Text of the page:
Following the Potsdam Declaration by the Allies on 26 July 1945 and the refusal of Japan to surrender under its terms, the United States dropped atomic bombs on the Japanese cities of Hiroshima and Nagasaki on 6 and 9 August respectively. With an invasion of the Japanese archipelago imminent, the possibility of additional atomic bombings, the Soviet entry into the war against Japan and its invasion of Manchuria, Japan announced its intention to surrender on 15 August 1945, cementing total victory in Asia for the Allies. Tribunals were set up by fiat by the Allies and war crimes trials were conducted in the wake of the war both against the Germans and the Japanese. World War II changed the political social structure of the globe; the United Nations was established to foster international co-operation and prevent future conflicts. The Soviet Union and United States emerged as rival superpowers, setting the stage for the nearly half-century long Cold War. In the wake of European devastation, the influence of its great powers waned, triggering the decolonisation of Africa and Asia.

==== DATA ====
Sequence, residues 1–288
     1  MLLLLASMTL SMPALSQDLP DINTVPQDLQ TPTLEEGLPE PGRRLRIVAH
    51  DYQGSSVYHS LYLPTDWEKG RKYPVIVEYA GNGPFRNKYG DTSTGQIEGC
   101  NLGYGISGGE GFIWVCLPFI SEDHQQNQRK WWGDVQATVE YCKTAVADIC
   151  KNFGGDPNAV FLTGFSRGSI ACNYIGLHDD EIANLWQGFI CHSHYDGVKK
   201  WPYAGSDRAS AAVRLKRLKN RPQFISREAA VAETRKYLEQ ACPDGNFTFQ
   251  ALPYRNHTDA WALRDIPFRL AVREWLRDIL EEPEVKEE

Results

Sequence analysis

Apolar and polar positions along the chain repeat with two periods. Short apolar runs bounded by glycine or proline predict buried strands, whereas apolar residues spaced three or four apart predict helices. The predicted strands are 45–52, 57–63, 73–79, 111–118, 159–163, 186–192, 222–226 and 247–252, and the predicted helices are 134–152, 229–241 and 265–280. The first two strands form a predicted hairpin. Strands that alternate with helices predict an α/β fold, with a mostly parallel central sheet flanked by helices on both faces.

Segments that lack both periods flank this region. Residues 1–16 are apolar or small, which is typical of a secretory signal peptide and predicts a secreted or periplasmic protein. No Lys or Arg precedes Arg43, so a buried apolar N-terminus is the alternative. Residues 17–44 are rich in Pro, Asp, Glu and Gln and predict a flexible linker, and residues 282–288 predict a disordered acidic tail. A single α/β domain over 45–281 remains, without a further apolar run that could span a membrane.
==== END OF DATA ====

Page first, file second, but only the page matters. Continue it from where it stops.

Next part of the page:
Most countries whose industries had been damaged moved towards economic expansion. Political integration in Europe, emerged as an effort to end pre-war enmities and create a common identity; the start of the war in Europe is held to be 1 September 1939, beginning with the German invasion of Poland. The dates for the beginning of war in the Pacific include the start of the Second Sino-Japanese War on 7 July 1937, or the Japanese invasion of Manchuria on 19 September 1931. Others follow the British historian A. J. P. Taylor, who held that the Sino-Japanese War and war in Europe and its colonies occurred and the two wars merged in 1941; this article uses the conventional dating. Other starting dates sometimes used for World War II include the Italian invasion of Abyssinia on 3 October 1935; the British historian Antony Beevor views the beginning of World War II as the Battles of Khalkhin Gol fought between Japan and the fo